The Azure Account extension is a kind of "base" extension that others use; it allows you to sign in to your Azure account, select a subscription and so on. You'll need this for some of the others listed below!
If you're an infrastructure-as-code kinda developer on Azure, you'll have no doubt looked at ARM templates. This extension provides a visual map of the components that you've created, including dependency chains. For Farmer development, this extension is an invaluable way to rapidly see what resources Farmer creates.
On the same subject, this extension provides a handy set of snippets, error highlighting and so on. So if for some reason you've decided to create ARM templates by hand, rather than use Farmer (why!), then you'll almost certainly want this extension.
This preview extension provides you with a way to visually navigate through all your Azure resources without leaving VS Code in a handy tree view. It also has a set of "child" extensions that provide more information on specific resource types, such as the Azure App Service extension.
The Azure Storage extension allows you to view blobs directly from VS Code, including copying, downloading and deleting them. Very handy, and much quicker than the bloated Azure Storage Explorer tool.
Working with Data
This handy extension provides a code formatter for XML documents, which you can apply using the standard VS Code "Format Document" command (SHIFT + ALT + F).
Rainbow CSV is a simple to use extension which will automatically highlight each column of your CSV in a different colour so that you can more easily distinguish between them. This is especially useful for a wide document with many columns.
If you need something a little more than Rainbow CSV, the Excel Viewer (which also works with CSV files) offers you a tabular read-only view of your data, complete with sorting and filtering capabilities. Again, very useful if you're in Code and wish to quickly interrogate a file without leaving the IDE.
If you're looking to create some markdown content, you'll sometimes want to insert data from a table sourced from e.g. a CSV file. This extension allows you to highlight some CSV content and immediately convert it into a markdown table, with headers.
The SQL Server extension allows you to execute queries and view results directly within VS Code. It comes complete with auto-complete and type checking for your queries, and can save a list of well-known connections for you, too. For many use cases, you can easily use this instead of e.g. firing up SQL Server Management Studio, so I'd strongly advise testing this out.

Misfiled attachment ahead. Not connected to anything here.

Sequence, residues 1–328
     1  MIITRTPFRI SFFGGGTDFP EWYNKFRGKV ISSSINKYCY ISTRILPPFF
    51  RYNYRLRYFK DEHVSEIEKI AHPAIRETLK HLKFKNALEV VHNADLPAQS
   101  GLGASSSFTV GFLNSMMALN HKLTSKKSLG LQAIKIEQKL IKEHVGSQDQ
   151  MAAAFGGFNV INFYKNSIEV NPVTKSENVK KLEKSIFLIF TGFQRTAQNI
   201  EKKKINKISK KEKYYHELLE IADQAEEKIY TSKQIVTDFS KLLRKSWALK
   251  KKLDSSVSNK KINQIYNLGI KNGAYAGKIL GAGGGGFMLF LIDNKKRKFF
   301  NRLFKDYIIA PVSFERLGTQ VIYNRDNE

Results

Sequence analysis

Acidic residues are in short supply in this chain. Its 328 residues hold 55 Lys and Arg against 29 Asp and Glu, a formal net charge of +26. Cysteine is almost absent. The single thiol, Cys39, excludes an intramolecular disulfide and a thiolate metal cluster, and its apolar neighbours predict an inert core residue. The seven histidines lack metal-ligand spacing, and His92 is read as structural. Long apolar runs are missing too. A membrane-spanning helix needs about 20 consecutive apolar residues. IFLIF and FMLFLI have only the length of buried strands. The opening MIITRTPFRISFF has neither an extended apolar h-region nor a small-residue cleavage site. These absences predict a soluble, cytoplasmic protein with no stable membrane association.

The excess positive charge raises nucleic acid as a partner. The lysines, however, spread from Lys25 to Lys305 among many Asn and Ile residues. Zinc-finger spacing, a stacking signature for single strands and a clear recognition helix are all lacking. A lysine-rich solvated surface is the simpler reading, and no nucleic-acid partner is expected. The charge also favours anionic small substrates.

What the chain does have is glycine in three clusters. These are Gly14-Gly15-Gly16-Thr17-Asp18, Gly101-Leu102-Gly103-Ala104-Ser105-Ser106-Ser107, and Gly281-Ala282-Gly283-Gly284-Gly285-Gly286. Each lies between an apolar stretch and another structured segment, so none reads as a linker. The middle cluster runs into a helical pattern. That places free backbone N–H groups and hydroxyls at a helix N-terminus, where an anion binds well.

If you're developing back-end web applications, you're probably using something like Postman (or just the browser itself) to test out your endpoints. The REST Client is a powerful extension that lets you test out arbitrary HTTP endpoints, as well as script entire sets of calls with full support for headers and authentication etc. If you're doing any form of back-end web development, this extension is a must-have.
You'll be surprised how often you use this last extension. As the name suggests, it's simple: you provide a URL, and it downloads the contents of that resource to your workspace. This is especially useful for e.g. working with type providers that can work from local files as well as remote URLs - you can test out the provider with the remote url, and if the data looks good, download it and then move to using the offline file.
A useful extension that contains a built-in colour picker palette, as well as integrations for auto-completion values. If you're working with colours for e.g. CSS files, this is a handy tool to have.
I like using Draw.IO, especially since the files can be browsed online relatively easily as well as the fact that they're quite lightweight. This is a full extension to create and edit diagrams, directly from within Code. If you're creating an architecture diagram for your application, you could do worse than give this a look!
One of VS Code's greatest assets is its extensibility. In this post, I've shown some of the key extensions that you should be looking at if you're using F# and Azure today on VS Code - hope you found it useful!